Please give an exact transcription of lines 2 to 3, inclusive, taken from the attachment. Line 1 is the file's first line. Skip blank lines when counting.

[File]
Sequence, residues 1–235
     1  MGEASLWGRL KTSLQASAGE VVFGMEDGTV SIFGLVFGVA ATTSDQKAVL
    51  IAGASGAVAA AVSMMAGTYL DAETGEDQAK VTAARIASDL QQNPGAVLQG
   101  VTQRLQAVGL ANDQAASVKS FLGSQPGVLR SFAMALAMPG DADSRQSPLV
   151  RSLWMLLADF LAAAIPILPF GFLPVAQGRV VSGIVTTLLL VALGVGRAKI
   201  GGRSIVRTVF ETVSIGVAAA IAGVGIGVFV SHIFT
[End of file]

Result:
     1  MGEASLWGRL KTSLQASAGE VVFGMEDGTV SIFGLVFGVA ATTSDQKAVL
    51  IAGASGAVAA AVSMMAGTYL DAETGEDQAK VTAARIASDL QQNPGAVLQG